Well, we provide competitive and non competitive application services to individuals in every state. So similar to ever say we’ve worked in thus far we’ll be working in these states, we have worked in some of these states already that had their programs opened up already. So we’re familiar with the regulatory construct of these states. We’re familiar with how these programs work. And it helps clients of ours avoid a lot of mistakes that are costly, and time and money, reputation, energy, all of those things. So we help clients in a very full service perspective, from local permitting, and zoning, all of those types of things, land acquisition, property acquisition all the way through state licensing, and then build out support, compliance, oversight, all of those things. So I would say as a state start to look like it’s opening up and their regulations are established, I would start the application process then do not wait until the actual application is opened. Because that usually gives you a 30 to 60 day window to apply. That is not enough time to become competitive. That’s not enough time to go up against these multi state operators who are your competition. So that’s my recommendation. And then when it comes to social equity programs, I would be an advocate. And it’s similar to what we do with social equity Apple Get advocates ourselves, many of us just use our voice just like this, we go on podcasts, we use our time to do that, because it just takes constant conversation, advocacy, getting in supporting financially through volunteerism, all of those things to really support these types of changes in tangible ways. So we worked with the state of Illinois by example, and helping their social equity program and providing free education for individuals looking to apply. And we talked for hours about, you know, different questions that they had on the application that they just couldn’t necessarily afford, or did not want to spend their money on a consultant to answer those questions. And we we did that we participated with the state of Illinois to provide those questions and the Trump school to provide those answers to those questions and help them through the process, because going about it alone is very challenging. So in smaller capacities, we also offer just review of applications. So people who are doing it in house, we offer reviews of full applications, or we piecemeal, you know, ala carte type of pieces to prepare for individuals who feel they have a good handle on their application. Overall, though, like I said, I It’s a huge monumental undertaking. I am a big advocate for full, full service provisions of applications simply because it is something that people just consistently do not realize takes so much effort and time and they come to us every single round, then the 11th hour saying I did this on my own, I didn’t listen, and I need help. Now I’m scrambling and usually we have to say it’s too late, it would be stealing from you to take your money to review this at this point, because you’re not going to have the time to make the changes you need to and you know, so our goal isn’t to, to steal from anybody it’s to it’s to truly help people get into this industry and, and help them become competitive in this space. So, you know, that’s that’s how we help people and kind of a broad stroke, I suppose. So. A great question, though. Thank you for asking.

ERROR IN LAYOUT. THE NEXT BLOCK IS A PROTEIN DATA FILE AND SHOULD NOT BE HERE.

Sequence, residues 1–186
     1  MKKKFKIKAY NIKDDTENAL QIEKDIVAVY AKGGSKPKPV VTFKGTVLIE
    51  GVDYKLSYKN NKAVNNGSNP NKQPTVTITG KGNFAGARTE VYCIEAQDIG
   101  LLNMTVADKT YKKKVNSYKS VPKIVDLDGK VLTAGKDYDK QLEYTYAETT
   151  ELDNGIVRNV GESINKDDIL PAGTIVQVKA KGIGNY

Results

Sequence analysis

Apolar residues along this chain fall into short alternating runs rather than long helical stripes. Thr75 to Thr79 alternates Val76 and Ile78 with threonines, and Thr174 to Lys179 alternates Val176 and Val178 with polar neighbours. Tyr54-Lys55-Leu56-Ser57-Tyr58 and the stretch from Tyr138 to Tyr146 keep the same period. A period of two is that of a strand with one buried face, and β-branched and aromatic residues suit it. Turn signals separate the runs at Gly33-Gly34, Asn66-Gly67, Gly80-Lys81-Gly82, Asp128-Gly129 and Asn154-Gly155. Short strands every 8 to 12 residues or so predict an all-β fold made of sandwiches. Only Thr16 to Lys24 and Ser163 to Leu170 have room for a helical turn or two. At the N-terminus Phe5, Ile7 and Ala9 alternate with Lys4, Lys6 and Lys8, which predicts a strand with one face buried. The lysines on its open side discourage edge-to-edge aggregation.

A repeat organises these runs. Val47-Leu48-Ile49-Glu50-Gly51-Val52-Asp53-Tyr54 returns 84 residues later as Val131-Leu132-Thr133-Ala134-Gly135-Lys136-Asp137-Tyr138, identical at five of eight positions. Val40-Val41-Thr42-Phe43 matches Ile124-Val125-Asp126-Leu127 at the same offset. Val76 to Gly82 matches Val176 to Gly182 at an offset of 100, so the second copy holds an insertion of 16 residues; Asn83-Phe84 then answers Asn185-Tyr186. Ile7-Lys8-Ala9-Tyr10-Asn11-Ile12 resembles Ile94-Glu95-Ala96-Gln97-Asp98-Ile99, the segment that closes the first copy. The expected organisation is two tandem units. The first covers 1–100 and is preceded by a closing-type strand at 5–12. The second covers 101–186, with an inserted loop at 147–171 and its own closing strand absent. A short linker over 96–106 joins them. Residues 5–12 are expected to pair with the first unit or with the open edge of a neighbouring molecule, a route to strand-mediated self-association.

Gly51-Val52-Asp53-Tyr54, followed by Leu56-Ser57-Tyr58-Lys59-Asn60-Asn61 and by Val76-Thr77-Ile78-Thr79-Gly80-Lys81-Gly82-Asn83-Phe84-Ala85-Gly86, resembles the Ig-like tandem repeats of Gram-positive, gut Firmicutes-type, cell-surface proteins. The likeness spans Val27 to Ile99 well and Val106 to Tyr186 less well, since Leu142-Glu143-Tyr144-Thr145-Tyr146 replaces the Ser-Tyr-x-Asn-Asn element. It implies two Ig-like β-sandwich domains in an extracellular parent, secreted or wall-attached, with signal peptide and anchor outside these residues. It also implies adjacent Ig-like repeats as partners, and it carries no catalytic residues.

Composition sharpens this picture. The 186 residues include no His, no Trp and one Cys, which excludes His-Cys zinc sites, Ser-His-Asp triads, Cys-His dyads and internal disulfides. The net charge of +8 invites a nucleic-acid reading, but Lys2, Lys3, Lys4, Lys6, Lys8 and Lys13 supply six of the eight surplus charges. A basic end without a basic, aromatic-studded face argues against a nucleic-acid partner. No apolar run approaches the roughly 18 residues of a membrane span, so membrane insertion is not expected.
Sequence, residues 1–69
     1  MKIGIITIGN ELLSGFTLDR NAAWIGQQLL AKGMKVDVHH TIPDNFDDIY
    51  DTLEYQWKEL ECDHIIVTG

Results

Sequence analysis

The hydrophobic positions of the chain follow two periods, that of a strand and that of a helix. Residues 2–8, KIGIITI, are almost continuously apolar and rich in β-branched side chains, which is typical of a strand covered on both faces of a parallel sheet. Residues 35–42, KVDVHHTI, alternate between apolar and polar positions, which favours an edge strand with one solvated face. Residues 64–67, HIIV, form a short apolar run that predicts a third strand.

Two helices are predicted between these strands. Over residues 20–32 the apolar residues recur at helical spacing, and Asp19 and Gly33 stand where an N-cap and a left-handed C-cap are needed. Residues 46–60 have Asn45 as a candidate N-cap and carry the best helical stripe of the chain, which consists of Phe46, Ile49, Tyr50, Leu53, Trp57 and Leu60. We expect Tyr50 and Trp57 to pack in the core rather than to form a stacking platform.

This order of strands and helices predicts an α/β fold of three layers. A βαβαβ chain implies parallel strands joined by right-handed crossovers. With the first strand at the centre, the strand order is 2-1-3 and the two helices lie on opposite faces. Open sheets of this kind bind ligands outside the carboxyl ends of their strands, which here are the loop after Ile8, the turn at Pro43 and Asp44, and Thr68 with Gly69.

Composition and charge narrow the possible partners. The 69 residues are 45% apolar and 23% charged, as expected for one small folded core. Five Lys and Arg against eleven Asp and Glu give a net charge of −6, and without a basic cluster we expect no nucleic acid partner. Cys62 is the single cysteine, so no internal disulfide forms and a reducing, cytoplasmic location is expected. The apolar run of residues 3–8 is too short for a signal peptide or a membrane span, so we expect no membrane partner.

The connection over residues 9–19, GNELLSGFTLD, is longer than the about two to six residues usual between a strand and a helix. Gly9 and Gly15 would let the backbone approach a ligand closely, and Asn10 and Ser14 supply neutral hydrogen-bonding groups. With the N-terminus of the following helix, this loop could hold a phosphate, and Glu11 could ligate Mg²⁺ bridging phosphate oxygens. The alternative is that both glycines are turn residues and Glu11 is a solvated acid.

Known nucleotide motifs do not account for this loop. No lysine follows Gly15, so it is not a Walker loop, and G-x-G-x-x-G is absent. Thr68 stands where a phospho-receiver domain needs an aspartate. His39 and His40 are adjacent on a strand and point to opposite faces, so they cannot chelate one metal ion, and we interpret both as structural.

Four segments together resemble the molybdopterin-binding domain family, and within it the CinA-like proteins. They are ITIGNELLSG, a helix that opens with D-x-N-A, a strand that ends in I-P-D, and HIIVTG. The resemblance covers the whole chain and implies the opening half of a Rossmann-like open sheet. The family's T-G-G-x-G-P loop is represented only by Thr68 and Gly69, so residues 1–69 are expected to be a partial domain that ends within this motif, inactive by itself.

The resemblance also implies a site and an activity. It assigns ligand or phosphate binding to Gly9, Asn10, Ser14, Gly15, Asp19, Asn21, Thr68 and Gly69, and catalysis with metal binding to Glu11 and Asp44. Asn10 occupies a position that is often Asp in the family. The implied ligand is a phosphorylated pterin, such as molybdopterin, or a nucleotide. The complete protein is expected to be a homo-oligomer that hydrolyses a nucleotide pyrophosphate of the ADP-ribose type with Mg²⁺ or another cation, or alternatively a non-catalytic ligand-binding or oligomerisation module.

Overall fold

Adam Kulbach  32:03

Well, thank you so much, Emily. I think that’s all the questions we have for today. You’re a great fan of knowledge, and I really appreciate you being here today.

 

Emily Seelman  32:13

Thank you so much. I appreciate it.

 

Adam Kulbach  32:23